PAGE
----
|UGR||University of Granada|
|UHU||University of Huelva|
|UJAEN||University of Jaen|
|UMA||University of Malaga|
|US||University of Sevilla|
|UPO||University Pablo de Olavide|
|UAB||University Autonoma de Barcelona|
|UB||University of Barcelona|
|UDG||University of Girona|
|UDL||University of Lleida|
|UPC||University Politecnica de Catalonia|
|UPF||University Pompeu Fabra|
|URV||University Rovira I Virgili|
|UAM||University Autonoma de Madrid|
|UC3M||University Carlos III de Madrid|
|UCM||University Complutense de Madrid|
|UAH||University Alcala de Henares|
|UPM||University Politecnica de Madrid|
|URJC||University Rey Juan Carlos|
|t-th value of the common measurement scale|
|I||Number of indicators (i is the corresponding index)|
|J||Number of units (j is the corresponding index)|
|Weight assigned to indicator i|
|n||Number of reference levels (t is the corresponding index)|
|Normalized weight of indicator i|
|t-th reference level of indicator i|
|Value of the scalarizing achievement function of indicator i for unit j|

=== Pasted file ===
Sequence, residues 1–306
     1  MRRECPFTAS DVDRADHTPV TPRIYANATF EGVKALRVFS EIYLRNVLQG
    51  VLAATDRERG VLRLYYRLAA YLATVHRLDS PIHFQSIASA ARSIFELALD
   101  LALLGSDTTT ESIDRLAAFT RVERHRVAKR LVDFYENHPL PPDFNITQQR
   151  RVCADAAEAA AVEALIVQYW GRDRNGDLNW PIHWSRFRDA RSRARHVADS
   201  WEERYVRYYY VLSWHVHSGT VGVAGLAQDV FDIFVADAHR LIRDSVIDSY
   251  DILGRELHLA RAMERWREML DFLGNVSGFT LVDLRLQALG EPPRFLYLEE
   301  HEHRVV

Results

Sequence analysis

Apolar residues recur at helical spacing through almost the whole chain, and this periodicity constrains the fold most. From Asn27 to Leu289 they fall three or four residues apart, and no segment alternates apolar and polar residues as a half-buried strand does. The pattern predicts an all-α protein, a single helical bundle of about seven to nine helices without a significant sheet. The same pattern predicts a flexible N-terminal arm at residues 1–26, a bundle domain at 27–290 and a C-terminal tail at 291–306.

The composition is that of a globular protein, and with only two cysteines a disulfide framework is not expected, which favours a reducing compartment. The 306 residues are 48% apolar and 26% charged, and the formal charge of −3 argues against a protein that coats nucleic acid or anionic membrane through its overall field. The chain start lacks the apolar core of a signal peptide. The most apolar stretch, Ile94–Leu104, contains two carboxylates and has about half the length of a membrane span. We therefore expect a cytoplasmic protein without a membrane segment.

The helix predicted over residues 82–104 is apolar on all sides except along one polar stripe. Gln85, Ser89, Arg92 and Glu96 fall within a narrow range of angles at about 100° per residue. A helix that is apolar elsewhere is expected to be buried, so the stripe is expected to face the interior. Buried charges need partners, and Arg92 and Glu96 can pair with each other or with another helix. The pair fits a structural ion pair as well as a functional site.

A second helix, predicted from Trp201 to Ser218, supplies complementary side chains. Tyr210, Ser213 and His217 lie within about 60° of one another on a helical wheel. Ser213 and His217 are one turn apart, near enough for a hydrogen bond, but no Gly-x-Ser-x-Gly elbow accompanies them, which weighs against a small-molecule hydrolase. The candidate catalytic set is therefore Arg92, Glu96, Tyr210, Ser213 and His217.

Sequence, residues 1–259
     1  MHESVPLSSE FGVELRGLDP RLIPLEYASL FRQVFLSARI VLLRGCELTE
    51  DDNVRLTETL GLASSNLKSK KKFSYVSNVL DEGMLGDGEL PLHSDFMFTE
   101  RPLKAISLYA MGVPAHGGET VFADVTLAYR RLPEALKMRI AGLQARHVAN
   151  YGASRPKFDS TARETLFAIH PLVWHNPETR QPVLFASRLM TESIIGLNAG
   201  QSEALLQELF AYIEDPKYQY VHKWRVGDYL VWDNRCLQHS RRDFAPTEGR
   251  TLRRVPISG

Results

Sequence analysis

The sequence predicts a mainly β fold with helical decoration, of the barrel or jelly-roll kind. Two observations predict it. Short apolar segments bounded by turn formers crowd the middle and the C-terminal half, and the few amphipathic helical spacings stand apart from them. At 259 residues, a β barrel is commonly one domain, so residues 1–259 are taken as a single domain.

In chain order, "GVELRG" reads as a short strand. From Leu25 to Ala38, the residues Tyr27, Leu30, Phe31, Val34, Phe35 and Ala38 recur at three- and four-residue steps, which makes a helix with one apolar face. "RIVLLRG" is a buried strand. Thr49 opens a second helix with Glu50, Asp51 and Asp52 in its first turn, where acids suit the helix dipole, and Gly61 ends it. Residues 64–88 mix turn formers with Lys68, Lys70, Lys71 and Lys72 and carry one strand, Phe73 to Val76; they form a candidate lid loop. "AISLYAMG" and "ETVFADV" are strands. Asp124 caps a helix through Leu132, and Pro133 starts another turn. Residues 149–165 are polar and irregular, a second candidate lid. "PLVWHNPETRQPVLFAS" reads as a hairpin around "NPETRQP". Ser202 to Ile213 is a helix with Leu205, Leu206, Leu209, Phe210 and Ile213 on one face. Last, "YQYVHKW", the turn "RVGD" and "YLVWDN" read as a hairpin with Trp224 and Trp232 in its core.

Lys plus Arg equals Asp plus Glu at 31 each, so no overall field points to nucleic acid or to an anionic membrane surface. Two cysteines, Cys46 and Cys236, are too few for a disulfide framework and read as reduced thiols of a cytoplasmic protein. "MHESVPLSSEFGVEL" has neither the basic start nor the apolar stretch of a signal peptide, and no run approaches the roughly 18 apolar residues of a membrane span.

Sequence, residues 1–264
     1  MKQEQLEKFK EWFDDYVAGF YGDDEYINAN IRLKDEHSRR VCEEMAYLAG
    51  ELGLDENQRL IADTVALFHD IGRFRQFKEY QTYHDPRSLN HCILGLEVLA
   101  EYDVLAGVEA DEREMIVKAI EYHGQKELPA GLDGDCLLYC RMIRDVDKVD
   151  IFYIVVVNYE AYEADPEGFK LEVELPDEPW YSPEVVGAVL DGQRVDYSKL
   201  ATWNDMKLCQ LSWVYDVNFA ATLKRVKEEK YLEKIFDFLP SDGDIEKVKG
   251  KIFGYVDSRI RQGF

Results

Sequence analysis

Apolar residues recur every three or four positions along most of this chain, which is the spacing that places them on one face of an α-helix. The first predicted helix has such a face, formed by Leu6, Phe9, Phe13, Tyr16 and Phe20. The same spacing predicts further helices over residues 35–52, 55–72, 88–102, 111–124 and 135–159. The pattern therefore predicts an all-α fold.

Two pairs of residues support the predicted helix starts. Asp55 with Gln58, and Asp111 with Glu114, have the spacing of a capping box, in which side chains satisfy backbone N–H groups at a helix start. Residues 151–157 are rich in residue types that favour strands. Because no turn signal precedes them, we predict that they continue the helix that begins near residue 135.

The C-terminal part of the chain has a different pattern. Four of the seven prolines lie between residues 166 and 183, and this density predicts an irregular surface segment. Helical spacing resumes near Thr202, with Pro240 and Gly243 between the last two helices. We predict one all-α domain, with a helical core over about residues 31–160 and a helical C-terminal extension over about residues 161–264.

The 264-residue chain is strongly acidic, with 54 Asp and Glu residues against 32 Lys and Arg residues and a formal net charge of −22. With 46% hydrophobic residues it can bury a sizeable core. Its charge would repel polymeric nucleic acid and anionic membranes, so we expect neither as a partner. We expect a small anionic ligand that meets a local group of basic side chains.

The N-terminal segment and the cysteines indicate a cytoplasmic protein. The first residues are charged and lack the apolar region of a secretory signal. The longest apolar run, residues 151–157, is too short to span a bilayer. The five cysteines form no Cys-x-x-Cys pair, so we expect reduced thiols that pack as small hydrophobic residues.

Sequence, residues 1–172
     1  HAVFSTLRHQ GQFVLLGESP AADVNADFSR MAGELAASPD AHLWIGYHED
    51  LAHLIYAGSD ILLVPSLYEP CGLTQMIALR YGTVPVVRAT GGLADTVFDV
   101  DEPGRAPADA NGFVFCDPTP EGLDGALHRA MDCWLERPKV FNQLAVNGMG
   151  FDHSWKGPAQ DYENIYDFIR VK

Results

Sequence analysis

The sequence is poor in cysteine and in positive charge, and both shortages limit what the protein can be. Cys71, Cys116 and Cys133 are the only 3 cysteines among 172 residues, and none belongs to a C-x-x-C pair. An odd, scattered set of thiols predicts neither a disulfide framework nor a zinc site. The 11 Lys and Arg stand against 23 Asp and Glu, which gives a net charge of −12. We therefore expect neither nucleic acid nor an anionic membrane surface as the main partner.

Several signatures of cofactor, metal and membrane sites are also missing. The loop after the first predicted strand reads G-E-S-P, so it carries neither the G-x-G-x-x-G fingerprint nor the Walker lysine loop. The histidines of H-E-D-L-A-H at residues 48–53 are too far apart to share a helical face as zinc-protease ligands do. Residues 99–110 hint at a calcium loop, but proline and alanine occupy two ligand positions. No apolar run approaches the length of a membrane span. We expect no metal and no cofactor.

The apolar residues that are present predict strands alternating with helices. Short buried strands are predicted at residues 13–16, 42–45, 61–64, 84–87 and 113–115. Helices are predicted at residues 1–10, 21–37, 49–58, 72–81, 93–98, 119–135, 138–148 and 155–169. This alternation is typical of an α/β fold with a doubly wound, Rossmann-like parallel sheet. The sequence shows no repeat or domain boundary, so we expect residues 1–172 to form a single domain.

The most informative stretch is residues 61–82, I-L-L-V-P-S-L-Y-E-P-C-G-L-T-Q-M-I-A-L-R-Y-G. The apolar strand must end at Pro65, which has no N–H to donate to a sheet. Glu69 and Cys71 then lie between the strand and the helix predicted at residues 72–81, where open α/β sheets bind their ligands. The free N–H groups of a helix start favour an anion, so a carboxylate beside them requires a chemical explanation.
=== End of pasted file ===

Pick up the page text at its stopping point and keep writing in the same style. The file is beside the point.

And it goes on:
|Value of indicator i for unit j|
Appendix A. The MRP-WSCI Approach
Appendix A.1. Weights and Reference Levels
Appendix A.2. Achievement Function
Appendix A.3. Aggregation: WCI and SCI
Appendix A.4. Hypothetical Example
Appendix B. Results: WCI and SCI Values
Appendix C. Results: WWCI Values
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El Gibari, S.; Perez-Esparrells, C.; Gomez, T.; Ruiz, F. Analyzing the Impact of Spanish University Funding Policies on the Evolution of Their Performance: A Multi-Criteria Approach. Mathematics 2021, 9, 1626. https://doi.org/10.3390/math9141626
El Gibari S, Perez-Esparrells C, Gomez T, Ruiz F. Analyzing the Impact of Spanish University Funding Policies on the Evolution of Their Performance: A Multi-Criteria Approach. Mathematics. 2021; 9(14):1626. https://doi.org/10.3390/math9141626Chicago/Turabian Style
El Gibari, Samira, Carmen Perez-Esparrells, Trinidad Gomez, and Francisco Ruiz. 2021. "Analyzing the Impact of Spanish University Funding Policies on the Evolution of Their Performance: A Multi-Criteria Approach" Mathematics 9, no. 14: 1626. https://doi.org/10.3390/math9141626